Questions about the Myers Briggs Type Indicator
Who came up with the idea?
The MBTI was developed by the mother/daughter team of Katherine Briggs and Isabel Briggs Myers over many years, starting in the 1940s. The theory is based on the work of Carl Jung, who wrote a book called “Psychological Types” in 1923.
What does it measure?
Nothing. It’s a sorter, and sorts people into 16 types based on how they fall on four scales.
Will the MBTI reveal my inner secrets?
You don’t need to worry on this. The MBTI asks you about everyday situations. It’s a sorter, and will provide you information on relating to others, how you take in information and make decisions and preferred lifestyle.
Can I lie and cheat on my answers?
Well, you can certainly lie, but there’s no way to cheat, because there’s no score to reach. The only thing you’d accomplish is to get invalid results for yourself. There is the risk that people will answer the questions the way they WANT to be or think they SHOULD be, versus how they really are. Again, that will only make your results sound like someone other than you.
If you know you act differently at work and at home you may prefer to take the Team Dynamic Indicator. It’s a similar assessment but you answer all questions from both view points, helpful to see the differences and can make it clear why you are disatisfied at work.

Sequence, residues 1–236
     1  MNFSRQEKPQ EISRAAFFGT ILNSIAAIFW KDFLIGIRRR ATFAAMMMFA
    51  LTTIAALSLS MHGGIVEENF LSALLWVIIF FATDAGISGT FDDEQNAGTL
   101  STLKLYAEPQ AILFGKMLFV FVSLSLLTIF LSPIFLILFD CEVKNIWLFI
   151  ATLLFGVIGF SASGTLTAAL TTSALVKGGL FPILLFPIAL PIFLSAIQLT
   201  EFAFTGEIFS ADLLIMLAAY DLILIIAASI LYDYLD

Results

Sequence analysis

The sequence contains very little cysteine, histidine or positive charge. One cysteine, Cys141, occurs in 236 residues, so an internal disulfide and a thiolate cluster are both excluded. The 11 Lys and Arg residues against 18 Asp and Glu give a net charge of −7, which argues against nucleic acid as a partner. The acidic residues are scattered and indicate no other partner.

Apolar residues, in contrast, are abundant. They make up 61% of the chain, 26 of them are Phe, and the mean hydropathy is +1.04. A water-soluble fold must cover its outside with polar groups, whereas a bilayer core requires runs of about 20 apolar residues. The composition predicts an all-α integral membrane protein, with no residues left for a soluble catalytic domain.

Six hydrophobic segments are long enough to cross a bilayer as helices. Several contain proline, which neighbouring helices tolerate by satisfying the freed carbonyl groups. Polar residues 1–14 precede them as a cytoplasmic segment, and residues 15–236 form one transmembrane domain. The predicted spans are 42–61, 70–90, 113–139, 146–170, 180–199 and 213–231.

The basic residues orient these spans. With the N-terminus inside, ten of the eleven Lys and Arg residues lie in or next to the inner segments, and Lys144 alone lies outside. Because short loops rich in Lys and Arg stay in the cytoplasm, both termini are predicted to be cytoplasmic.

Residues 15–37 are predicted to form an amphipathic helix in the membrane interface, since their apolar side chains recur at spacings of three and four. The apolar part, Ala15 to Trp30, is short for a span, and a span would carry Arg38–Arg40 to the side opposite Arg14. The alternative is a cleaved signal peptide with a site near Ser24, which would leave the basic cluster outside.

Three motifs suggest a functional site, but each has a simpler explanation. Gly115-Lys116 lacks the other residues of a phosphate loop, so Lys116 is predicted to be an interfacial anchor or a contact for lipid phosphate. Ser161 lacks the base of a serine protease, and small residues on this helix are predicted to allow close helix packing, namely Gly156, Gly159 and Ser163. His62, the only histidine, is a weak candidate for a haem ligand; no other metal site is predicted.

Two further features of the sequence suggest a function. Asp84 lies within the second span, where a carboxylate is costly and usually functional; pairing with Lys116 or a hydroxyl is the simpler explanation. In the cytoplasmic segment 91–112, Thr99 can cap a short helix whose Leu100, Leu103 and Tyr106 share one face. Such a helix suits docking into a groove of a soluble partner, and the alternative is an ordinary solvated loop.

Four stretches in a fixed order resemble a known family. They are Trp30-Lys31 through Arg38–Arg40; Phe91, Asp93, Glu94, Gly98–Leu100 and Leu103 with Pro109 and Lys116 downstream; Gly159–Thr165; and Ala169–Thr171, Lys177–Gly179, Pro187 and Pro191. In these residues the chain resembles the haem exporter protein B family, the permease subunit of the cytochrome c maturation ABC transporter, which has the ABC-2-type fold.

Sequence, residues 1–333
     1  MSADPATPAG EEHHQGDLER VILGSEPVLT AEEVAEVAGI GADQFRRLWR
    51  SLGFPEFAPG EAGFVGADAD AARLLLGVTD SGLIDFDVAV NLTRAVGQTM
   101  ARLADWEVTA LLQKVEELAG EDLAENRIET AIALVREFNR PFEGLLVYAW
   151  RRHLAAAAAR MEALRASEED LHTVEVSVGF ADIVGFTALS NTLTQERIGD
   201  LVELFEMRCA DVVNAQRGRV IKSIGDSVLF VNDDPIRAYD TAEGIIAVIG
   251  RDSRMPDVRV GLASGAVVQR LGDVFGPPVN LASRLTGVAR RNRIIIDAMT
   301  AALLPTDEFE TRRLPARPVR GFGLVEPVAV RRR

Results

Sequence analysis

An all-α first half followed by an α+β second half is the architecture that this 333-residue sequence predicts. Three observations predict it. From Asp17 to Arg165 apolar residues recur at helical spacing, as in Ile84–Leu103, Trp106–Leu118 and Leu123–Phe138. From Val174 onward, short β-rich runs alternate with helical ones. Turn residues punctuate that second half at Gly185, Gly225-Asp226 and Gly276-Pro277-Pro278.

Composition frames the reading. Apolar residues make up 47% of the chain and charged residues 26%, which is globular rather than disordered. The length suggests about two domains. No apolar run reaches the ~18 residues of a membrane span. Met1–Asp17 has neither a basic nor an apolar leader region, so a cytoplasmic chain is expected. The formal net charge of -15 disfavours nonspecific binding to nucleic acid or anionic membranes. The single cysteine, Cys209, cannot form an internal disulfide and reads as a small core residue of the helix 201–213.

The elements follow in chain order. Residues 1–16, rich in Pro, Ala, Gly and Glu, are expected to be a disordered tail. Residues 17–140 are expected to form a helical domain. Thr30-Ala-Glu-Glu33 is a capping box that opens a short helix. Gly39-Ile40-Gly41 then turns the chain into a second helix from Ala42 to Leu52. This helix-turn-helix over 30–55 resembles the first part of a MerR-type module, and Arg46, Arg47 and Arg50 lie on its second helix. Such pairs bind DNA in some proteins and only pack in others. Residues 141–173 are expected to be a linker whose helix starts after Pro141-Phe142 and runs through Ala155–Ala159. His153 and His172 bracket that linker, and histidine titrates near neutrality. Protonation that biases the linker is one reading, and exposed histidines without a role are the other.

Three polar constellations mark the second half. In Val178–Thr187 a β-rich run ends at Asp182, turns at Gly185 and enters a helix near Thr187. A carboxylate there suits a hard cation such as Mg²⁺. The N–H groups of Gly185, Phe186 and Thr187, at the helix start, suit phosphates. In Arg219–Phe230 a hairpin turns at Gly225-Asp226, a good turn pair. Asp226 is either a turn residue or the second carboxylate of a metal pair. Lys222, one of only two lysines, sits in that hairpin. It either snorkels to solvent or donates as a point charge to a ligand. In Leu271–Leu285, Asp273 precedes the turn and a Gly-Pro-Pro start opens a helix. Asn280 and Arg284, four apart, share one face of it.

What are the scales?
The four scales are
The sorter indicates which end of the four scales you prefer, leading to your four letter type.
What do the scales mean?
- The Extraversion/Introversion scale describes how people get their energy
- The Sensing/Intuition scale shows how people take in information about the world around them
- The Thinking/Feeling scale indicates how people make decisions
- The Judging/Perceiving scale describes the lifestyle preferences people have.
Does the MBTI measure skills and abilities?
No. It indicates preferences and reveals nothing about skills or abilities. I use an example of signing your name. Each of us has a preferred hand for writing. We can use the other hand, but it feels odd, awkward, and uncomfortable. The same is true on the four scales. We prefer one end of each scale over the other. Like our hands, we use both sides every day. Yet one hand is our dominant hand. The MBTI helps us discover more about our dominant preferences.
Are some types better than others?
There are no good or bad types. Each has its strengths and potential weaknesses. Each type will react differently to different circumstances. In some situations, certain types will have an advantage. In others situations, those same types could be a liability. For example, the ability to concentrate can be quite useful. However, if you can concentrate too well, you might end up ignoring important people or information in your environment.
Will knowing about psychological type help me at work?
It can be very helpful to understand people who are different from yourself and can help reduce the risk of conflict and improve relationships.